Every couple of weeks I see a vendor or two express this thought. “we as Mobile Food Service Vendors need to unite. Somehow, someway we have got to make it clear to those who host and/or organize fairs, festivals and special events,....that Food Vendors make it successful. Without us, they're sucking buttermilk, and people won't come again. Therefore, them charging us to help them is counterproductive.”
This my friends is why the vast majority of food vendors are part-time and will never be anything more than just that – part time. I agree food vendors need to unite and speak with one voice on many different issues we face. However, event fee structures is not a priority topic. Thinking food vendors "make it successful" is just plain arrogant. Do you really think a place like Disney World is successful because they sell food? You don't want to know the cost McDonald's paid to sell only French Fries in the Animal Kingdom when they had the kiosk there. No one went to the Animal Kingdom just because they sold McDonald's fries. Guess what? That kiosk is gone but the Animal Kingdom is still there. If McDonald's had no impact on attendance at Animal Kingdom why would a small time food vendor think they would have an impact on any positive event attendance?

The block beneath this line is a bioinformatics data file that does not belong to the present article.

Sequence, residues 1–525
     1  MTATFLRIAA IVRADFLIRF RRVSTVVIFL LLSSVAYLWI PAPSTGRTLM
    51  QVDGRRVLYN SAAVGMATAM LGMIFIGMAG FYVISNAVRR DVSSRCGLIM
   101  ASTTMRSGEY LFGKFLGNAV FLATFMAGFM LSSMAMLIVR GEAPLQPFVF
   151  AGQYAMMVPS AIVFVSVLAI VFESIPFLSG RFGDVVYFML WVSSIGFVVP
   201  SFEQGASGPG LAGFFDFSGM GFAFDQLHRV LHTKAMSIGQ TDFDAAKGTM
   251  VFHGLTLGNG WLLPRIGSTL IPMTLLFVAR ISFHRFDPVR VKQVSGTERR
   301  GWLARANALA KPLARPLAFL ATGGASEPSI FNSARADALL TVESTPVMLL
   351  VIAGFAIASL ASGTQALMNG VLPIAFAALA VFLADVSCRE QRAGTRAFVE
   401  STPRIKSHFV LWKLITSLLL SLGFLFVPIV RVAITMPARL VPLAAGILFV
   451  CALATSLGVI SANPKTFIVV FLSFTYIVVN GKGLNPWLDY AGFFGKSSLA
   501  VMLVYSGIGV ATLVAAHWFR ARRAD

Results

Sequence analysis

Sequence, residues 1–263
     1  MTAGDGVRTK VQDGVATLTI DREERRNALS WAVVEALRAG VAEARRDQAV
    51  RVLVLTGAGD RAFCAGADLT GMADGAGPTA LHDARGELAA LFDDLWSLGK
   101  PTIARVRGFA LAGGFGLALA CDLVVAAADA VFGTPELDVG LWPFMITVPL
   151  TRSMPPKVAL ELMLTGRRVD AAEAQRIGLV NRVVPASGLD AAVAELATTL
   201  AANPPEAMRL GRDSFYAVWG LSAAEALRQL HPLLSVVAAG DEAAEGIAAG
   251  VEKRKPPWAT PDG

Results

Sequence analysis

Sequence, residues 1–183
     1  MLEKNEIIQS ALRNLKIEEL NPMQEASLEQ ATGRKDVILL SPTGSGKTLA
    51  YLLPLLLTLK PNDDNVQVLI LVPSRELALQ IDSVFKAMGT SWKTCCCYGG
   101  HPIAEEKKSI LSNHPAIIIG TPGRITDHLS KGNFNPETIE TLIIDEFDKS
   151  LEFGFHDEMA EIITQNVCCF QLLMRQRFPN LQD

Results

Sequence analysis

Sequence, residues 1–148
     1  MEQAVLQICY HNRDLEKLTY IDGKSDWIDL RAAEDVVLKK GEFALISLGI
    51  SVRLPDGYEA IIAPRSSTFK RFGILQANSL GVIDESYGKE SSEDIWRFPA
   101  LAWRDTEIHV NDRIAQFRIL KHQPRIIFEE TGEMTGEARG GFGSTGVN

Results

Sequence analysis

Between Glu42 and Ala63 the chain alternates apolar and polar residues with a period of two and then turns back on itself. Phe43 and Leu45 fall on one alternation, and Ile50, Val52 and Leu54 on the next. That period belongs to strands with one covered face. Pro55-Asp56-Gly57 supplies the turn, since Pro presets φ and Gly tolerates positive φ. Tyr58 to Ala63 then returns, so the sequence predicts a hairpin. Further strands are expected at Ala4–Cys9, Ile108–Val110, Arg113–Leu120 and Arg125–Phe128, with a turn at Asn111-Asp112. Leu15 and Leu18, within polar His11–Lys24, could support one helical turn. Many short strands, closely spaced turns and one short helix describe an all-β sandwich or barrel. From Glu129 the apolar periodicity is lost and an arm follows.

Food at events is and always will be a necessary evil for the attendees. Most folks (some actually plan this) would rather eat cheaply OUTSIDE the event so they can have more available money to enjoy more event attractions and spend less time in lines waiting for a food vendor to actually hustle.
Events have different draws for different people. I am certain the music artist performing Friday night thinks they are the one making the event successful. But then again, the semi popular band from the 70's on Saturday night thinks they are the real reason. They all perform for free, right? Those crafty promoters must bathe in cash! How about the handmade craft people shouldn't they be allowed to just show up for free and sell their wares too? I mean after all, who really needs one more ceramic thingy to collect dust? The ride operators certainly they hate paying event fees. I know game operators with their profit margins would love free entry so they could laugh all the way to the bank.